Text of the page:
Directed by Todd Strauss-Schulson with a screenplay by Erin Cardillo, Katie Silberman and Dana Fox, this is a romantic comedy within a romantic comedy, so brush up on your rom-coms and all of those tropes that make romantic comedies romantic comedies.  It's a test of your skills to pick out which movies are paid homage to - can you spot Julia Roberts' dress from "Pretty Woman? Do you see shades of "When Harry Met Sally" and "My Best Friend's Wedding" in this? 

But the real test is whether or not Rebel Wilson can carry a movie on her own.  So far we have come to know her playing raunchy fat girls.  She was the raunchy fat girl in the "Pitch Perfect" films (of which I am NOT a fan, by the way) and the raunchy fat girl in "How To Be Single."  Can she shoulder a film on her own?  The answer is yes. But not as a raunchy fat girl.  Here Wilson eschews that character and lets her sweetness shine through which makes her believable as a young woman who has given up on romance but eventually realizes love was right next to her all of the time.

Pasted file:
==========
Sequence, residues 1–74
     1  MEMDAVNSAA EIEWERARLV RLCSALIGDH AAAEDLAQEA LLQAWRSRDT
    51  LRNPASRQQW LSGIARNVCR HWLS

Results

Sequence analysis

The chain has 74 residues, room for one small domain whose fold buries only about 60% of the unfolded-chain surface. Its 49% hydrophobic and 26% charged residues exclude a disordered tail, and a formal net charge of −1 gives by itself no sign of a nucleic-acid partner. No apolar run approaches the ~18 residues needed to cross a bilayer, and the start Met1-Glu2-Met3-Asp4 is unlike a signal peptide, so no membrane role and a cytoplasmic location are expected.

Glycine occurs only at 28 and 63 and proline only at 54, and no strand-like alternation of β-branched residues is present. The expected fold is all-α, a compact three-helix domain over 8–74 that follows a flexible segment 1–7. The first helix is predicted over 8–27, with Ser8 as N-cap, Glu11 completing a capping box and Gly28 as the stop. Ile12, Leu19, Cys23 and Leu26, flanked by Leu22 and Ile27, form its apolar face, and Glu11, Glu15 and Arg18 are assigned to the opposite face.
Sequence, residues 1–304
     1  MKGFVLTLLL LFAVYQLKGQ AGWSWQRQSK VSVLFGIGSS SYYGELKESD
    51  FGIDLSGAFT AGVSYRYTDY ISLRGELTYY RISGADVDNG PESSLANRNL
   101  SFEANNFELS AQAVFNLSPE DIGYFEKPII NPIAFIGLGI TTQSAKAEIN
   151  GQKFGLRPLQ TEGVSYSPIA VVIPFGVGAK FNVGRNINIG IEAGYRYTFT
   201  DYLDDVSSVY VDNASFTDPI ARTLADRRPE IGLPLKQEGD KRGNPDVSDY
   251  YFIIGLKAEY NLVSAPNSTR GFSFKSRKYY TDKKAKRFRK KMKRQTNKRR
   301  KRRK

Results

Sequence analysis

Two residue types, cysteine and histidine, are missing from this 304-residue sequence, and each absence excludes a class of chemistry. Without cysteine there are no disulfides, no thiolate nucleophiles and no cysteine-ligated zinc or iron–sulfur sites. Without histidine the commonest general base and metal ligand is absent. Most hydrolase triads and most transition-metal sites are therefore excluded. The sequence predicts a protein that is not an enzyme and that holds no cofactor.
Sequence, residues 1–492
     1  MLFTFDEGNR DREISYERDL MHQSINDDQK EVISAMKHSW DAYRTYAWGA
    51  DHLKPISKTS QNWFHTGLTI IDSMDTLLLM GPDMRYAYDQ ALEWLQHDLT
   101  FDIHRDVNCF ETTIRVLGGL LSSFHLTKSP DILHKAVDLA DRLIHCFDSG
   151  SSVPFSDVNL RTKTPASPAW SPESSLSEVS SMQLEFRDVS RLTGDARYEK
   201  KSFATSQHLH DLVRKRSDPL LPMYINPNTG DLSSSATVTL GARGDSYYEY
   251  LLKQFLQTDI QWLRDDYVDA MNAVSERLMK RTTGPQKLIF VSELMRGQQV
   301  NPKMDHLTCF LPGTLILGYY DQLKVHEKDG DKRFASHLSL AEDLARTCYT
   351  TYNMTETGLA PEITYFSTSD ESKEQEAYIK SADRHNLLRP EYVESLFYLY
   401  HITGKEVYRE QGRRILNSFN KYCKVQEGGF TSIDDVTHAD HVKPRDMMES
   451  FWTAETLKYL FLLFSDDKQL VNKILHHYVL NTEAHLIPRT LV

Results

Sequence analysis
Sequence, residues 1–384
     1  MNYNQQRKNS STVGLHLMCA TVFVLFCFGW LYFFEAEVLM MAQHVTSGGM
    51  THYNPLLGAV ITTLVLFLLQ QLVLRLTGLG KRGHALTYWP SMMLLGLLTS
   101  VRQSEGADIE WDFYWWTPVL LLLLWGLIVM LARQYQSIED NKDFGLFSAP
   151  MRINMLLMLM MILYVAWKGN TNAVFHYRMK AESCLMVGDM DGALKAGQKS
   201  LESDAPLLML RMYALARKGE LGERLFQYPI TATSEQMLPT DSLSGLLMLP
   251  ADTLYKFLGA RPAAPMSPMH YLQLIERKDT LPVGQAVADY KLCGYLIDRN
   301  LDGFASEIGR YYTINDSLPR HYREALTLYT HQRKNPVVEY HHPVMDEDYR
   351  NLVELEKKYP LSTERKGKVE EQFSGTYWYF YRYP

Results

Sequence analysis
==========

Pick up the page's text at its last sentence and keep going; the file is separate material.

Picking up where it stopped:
I am a bit on the fence about this one.

This is yet another female empowerment film (see "What Women Want," "Second Act," "Miss Bala,"  and most female-oriented films these days), but that's OK.  We need those films.  My question is the one joke premise - woman waking up from a bump on the head and her life is a romantic comedy.  Can that one joke sustain an 88 minute film?

And then there is the most important question for a romantic comedy, comedy being the operative word.  Is it funny? Romantic comedies are my jam.  When I have choice, I usually opt for the romantic comedy but so many times I am disappointed. 

But my answer to my questions is - mostly, yes.